It seems like we hear crew chiefs at every stop on the Sprint Cup schedule telling their drivers, to “try and save a little fuel.” That is something that is hard for all of us to accomplish, let alone a driver that is driving over 180 miles per hour while being chased by 42 other drivers.
Sunday night in the Coca-Cola 600 at Charlotte Motor Speedway, we heard more than one crew chief come over the headset to tell his driver that he needed to try and save some fuel. Crew chiefs like to have a strategy of when they want to pit so that their driver will not have to worry during the closing laps about the possibility of running out of fuel within eyesight of the checkered flag. Having that strategy play out in a 500-mile race, let alone the 600 miles that Charlotte demanded, is nothing more than a role of the dice that, for many, did not play out like they wanted.
Crew chiefs had to deal with 14 caution flags for a total of 64 laps that also added into their ever-changing strategy. As was the case at every other stop on the schedule, track position turned out to be everything, forcing some crew chiefs to stay out during cautions to give their drivers the much-needed track position while others chose to come in and adjust on their cars.
As it turned out it was just one of those races that, even though it did have plenty of cautions, they didn’t come at the right time at the end of the race. It also didn’t help crew chiefs any when the race ended with a green-white-checkered finish, which actually pushed the distance past the 600-mile length, making it the longest race in the history of Sprint Cup racing.
Driver after driver had to come down pit lane for fuel on the caution laps leading to the finish, but Kasey Kahne and Dale Earnhardt Jr., sitting in first and second, took the chance. They finally had the track position to run for the win and were not going to give it up.
Immediately on that last restart, Kahne ran out of fuel. That caused him to slow and in the process started stacking up the field, forcing Jeff Burton to spin. While this was taking place Dale Jr. took over the lead and appeared to be on his way to victory lane as he immediately stretched out his lead. You could see the ‘Junior Nation’ get on their feet in anticipation of his first win of the season, only to have their dream shattered as his #88 Chevrolet began to sputter as he entered the final two turns of the race.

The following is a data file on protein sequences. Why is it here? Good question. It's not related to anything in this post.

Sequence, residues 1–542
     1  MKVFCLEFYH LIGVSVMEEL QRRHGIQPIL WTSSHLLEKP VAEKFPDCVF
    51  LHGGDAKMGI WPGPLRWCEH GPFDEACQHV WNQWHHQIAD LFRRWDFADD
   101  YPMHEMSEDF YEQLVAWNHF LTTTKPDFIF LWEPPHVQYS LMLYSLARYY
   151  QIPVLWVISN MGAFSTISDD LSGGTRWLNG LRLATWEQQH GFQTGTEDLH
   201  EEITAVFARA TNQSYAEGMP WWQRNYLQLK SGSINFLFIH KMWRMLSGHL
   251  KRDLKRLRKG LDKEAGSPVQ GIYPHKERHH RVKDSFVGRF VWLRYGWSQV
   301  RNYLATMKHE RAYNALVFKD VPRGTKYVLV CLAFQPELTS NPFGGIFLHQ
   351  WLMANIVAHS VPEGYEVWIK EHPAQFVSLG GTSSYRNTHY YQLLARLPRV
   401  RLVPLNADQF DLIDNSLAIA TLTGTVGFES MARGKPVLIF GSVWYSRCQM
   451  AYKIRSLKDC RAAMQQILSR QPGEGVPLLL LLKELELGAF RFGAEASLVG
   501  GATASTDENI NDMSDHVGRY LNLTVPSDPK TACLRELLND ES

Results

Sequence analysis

Junior coasted to a seventhplace finish in a car that he admitted afterwards wasn’t really good enough to win, but that is what fuel mileage races can do. It can put a car in victory lane that wasn’t close to being one of the best cars of the race or it can keep the best cars from taking the checkered flag.
Kevin Harvick, as it turned out, was the driver who crawled out of his car in victory lane as he inherited the lead when Earnhardt Jr. ran out of fuel. Harvick was far from being one of the best cars in the field on Sunday night, but he and his team put themselves in a position to win on that last restart and more importantly, they had the fuel to make it to the checkered flag.
Harvick’s car was said to be running on nothing more than fumes as it crossed the finish line, which points back to something that happened during the final caution laps of the night before the final restart. Harvick was being pushed during caution laps by his Richard Childress Racing teammates Jeff Burton and Paul Menard. The three cars lined up bumper to bumper with Menard in the rear pushing his teammates. It was perfectly legal and it did allow Harvick to save some fuel, just how much we will never know, but we do know it was more than enough for him to celebrate his third win of the season.
PIT NOTES: STP will be getting back into racing this weekend at Kansas Speedway and Chicagoland Speedway with a unique split sponsorship. Saturday night it will be the STP 300 Nationwide Series race at Chicagoland Speedway followed by the STP 400 Sprint Cup race on Sunday at Kansas. STP will also be the sponsor of Richard Petty’s #43 Ford Fusion driven by A.J. Allmendinger at Kansas, painted in the original STP paint scheme that was used by Petty in 1972.
Race Preview Event: STP 400 Track: Kansas Speedway (1.5-mile tri-oval, 15 degrees of banking in the turns) Date: June 5, 1:15 p.m. TV: FOX Radio: MRN Defending Champion: New event